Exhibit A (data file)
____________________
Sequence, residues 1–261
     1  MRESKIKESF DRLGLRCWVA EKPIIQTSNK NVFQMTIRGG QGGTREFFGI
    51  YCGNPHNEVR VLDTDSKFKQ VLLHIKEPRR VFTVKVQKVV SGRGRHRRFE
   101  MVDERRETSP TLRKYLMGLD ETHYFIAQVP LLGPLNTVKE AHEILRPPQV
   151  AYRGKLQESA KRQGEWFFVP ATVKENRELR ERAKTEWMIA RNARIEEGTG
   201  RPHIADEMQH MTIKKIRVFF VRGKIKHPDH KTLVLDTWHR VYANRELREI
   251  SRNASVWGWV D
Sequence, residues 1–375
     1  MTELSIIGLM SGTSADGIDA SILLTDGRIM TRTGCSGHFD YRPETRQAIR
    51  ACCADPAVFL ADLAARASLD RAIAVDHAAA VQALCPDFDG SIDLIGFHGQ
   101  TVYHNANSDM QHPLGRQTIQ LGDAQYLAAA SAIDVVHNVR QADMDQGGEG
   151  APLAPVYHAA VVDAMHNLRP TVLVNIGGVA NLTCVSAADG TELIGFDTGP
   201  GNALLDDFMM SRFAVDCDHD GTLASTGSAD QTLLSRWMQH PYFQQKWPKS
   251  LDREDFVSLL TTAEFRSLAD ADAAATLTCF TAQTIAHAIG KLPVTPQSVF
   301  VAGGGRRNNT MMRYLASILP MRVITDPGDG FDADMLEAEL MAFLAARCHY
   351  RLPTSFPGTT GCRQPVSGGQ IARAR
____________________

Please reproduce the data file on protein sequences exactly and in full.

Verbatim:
Sequence, residues 1–261
     1  MRESKIKESF DRLGLRCWVA EKPIIQTSNK NVFQMTIRGG QGGTREFFGI
    51  YCGNPHNEVR VLDTDSKFKQ VLLHIKEPRR VFTVKVQKVV SGRGRHRRFE
   101  MVDERRETSP TLRKYLMGLD ETHYFIAQVP LLGPLNTVKE AHEILRPPQV
   151  AYRGKLQESA KRQGEWFFVP ATVKENRELR ERAKTEWMIA RNARIEEGTG
   201  RPHIADEMQH MTIKKIRVFF VRGKIKHPDH KTLVLDTWHR VYANRELREI
   251  SRNASVWGWV D
Sequence, residues 1–375
     1  MTELSIIGLM SGTSADGIDA SILLTDGRIM TRTGCSGHFD YRPETRQAIR
    51  ACCADPAVFL ADLAARASLD RAIAVDHAAA VQALCPDFDG SIDLIGFHGQ
   101  TVYHNANSDM QHPLGRQTIQ LGDAQYLAAA SAIDVVHNVR QADMDQGGEG
   151  APLAPVYHAA VVDAMHNLRP TVLVNIGGVA NLTCVSAADG TELIGFDTGP
   201  GNALLDDFMM SRFAVDCDHD GTLASTGSAD QTLLSRWMQH PYFQQKWPKS
   251  LDREDFVSLL TTAEFRSLAD ADAAATLTCF TAQTIAHAIG KLPVTPQSVF
   301  VAGGGRRNNT MMRYLASILP MRVITDPGDG FDADMLEAEL MAFLAARCHY
   351  RLPTSFPGTT GCRQPVSGGQ IARAR